Public sector pay and pensions latest: NUT, NASUWT, Unison, PCS

10 July 2012

An update on the battle over austerity in the public sector

The PCS civil service union has announced it will build for coordinated national strike action with other unions in the autumn.

PCS members are also balloting to strike in a slew of other disputes over pay, working conditions, job cuts and privatisation. They include 1,500 members working for Atos on government IT and NHS healthcare contracts. Workers at the Home Office, HMRC and in DWP call centres are also balloting for strikes.

The announcement comes as the NUT and NASUWT teaching unions have agreed to join together in a coordinated campaign over pay and working conditions. The two unions’ agreement brings together unions representing 85% of all school teachers in an unprecedented joint campaign.

An NUT ballot on strikes and industrial action short of a strike, together with NASUWT members, has now started across England and Wales and will close on 6 September. The NUT’s pension strike ballot is still live – the new vote is to cover the additional issues of pay and working conditions.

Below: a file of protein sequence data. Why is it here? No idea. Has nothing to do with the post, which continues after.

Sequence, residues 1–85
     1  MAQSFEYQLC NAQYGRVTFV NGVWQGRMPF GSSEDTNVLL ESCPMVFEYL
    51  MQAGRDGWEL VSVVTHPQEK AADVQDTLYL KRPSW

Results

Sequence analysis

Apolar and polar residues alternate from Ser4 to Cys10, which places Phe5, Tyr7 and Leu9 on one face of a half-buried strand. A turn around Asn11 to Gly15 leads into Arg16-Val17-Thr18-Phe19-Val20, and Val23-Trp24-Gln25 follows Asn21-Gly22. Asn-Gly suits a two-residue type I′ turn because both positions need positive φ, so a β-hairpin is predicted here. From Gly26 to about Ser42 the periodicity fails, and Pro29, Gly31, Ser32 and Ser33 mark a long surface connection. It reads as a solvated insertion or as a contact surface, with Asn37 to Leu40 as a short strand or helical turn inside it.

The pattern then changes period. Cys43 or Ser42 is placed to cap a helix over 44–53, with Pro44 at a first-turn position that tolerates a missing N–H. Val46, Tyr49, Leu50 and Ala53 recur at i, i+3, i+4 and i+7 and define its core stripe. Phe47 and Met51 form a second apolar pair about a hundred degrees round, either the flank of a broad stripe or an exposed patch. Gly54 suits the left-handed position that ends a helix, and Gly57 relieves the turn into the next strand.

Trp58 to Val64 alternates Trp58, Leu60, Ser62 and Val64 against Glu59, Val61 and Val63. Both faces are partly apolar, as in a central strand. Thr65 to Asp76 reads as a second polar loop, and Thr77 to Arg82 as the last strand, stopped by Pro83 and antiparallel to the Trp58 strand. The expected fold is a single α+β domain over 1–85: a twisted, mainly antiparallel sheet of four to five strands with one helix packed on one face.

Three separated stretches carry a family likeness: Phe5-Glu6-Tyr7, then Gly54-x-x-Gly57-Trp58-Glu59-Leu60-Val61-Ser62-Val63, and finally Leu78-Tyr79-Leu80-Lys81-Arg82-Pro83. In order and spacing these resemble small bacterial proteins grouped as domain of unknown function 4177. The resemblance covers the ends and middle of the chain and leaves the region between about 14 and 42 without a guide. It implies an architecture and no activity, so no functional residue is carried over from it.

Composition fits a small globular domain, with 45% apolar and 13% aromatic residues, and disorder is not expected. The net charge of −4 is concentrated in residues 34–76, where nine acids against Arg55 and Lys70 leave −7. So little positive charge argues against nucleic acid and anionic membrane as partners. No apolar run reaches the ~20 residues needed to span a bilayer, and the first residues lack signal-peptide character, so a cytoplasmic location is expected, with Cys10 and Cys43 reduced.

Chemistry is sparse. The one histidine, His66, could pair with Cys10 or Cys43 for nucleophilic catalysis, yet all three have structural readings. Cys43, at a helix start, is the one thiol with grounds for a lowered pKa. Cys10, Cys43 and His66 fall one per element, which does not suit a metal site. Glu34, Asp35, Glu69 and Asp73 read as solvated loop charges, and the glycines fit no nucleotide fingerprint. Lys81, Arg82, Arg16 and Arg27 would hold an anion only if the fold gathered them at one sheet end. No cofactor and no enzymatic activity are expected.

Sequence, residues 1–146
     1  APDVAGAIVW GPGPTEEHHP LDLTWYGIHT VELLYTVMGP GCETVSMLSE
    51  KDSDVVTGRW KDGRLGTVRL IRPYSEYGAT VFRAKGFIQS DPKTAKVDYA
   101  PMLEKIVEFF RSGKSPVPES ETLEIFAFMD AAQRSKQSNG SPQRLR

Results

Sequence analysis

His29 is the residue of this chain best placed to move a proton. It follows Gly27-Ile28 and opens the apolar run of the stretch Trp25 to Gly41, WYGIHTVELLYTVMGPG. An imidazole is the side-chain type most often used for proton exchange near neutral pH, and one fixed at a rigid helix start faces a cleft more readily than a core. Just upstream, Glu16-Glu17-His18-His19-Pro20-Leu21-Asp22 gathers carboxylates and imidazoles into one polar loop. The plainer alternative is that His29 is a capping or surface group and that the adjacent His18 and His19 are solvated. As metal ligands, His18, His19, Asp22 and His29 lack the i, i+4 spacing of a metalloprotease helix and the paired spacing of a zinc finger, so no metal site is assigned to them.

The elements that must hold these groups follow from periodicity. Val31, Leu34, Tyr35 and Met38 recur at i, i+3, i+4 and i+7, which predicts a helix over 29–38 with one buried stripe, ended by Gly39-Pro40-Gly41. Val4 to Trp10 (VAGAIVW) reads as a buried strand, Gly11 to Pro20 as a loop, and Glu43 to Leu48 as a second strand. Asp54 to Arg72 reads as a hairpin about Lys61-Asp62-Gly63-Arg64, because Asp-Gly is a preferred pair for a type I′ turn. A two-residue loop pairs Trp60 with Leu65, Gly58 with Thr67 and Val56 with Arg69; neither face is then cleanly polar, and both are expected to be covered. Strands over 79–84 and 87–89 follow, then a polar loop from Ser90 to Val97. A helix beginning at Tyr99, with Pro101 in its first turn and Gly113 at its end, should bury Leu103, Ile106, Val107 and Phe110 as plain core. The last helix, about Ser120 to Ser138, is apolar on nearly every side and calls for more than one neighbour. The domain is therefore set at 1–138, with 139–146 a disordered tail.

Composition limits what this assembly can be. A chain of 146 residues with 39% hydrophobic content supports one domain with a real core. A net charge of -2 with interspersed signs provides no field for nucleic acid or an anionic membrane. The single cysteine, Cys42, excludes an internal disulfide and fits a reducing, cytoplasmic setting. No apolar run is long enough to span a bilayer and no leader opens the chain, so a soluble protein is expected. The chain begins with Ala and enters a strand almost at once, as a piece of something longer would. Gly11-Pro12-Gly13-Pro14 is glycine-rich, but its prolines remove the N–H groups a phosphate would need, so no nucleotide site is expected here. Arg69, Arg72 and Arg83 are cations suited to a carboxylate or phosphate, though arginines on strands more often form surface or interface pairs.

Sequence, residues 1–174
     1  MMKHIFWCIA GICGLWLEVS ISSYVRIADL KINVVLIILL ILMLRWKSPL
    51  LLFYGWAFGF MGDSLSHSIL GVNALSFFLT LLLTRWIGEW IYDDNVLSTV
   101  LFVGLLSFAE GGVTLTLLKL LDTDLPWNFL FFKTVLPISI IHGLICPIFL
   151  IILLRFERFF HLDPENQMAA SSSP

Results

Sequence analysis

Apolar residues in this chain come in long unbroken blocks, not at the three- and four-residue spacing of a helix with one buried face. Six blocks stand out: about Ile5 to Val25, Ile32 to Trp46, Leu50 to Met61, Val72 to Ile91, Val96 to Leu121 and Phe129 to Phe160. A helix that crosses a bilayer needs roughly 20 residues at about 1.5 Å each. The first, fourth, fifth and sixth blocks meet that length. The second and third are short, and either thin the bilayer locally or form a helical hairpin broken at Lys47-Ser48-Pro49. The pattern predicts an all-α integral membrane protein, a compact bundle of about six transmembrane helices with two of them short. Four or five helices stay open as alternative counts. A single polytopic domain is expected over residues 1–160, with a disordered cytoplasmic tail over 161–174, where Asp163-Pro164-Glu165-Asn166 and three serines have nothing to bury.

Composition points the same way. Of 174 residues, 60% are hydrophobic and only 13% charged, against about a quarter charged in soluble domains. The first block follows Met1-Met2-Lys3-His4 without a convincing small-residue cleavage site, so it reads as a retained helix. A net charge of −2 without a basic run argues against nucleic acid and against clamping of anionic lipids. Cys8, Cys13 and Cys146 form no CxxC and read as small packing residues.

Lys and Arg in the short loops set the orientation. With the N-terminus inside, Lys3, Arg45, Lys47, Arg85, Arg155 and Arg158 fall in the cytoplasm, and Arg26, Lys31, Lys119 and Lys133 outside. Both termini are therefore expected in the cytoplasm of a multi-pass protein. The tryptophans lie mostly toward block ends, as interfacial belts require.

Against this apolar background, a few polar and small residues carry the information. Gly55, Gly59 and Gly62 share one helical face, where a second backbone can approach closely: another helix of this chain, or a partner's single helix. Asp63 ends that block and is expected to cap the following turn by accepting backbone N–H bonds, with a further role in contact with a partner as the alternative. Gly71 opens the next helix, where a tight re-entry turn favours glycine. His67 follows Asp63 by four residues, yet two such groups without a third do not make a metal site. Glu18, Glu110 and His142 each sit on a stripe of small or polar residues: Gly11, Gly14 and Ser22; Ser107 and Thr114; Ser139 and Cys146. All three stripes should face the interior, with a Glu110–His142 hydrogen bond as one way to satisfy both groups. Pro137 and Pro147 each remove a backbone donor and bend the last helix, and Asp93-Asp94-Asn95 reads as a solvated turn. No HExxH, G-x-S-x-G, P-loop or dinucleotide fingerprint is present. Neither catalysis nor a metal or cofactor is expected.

Local government

The largest local government union, Unison, has announced it will ballot members who are eligible for the Local Government Pension Scheme on proposals to change the scheme.

Council workers in Unison were among those who struck over pensions in the huge public sector strike on 30 November last year.

But despite the brilliant show of strength by Unison members, general secretary Dave Prentis announced in December that Unison would enter negotiations with the government on the basis of ‘heads of agreement’ – a move that was a huge setback to the whole public sector pensions campaign.

Unison will ballot on proposals that come from these negotiations between 31 July and 24 August.

At last month’s Unite the Resistance conference, Unison activists slammed the new deal and a campaign to reject it has begun in many Unison local government branches.

The union is now consulting members, branches and regions before the five service group executives covering members of the LGPS scheme meet in mid-July to decide on a recommendation in the ballot.

It is important that as many Unison members, branches and other union bodies as possible urge rejection of the deal. The strike on 30 November showed the potential to force the government back and win a decent deal on pensions across the public sector – including local government.

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